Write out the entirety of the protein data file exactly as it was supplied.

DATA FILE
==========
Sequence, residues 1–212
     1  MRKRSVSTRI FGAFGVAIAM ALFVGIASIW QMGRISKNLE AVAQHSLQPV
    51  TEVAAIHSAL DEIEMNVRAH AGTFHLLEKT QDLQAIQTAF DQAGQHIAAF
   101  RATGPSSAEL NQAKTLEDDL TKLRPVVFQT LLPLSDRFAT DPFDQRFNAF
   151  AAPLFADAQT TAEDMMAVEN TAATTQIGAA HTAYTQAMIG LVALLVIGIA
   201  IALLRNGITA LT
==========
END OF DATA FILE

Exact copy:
Sequence, residues 1–212
     1  MRKRSVSTRI FGAFGVAIAM ALFVGIASIW QMGRISKNLE AVAQHSLQPV
    51  TEVAAIHSAL DEIEMNVRAH AGTFHLLEKT QDLQAIQTAF DQAGQHIAAF
   101  RATGPSSAEL NQAKTLEDDL TKLRPVVFQT LLPLSDRFAT DPFDQRFNAF
   151  AAPLFADAQT TAEDMMAVEN TAATTQIGAA HTAYTQAMIG LVALLVIGIA
   201  IALLRNGITA LT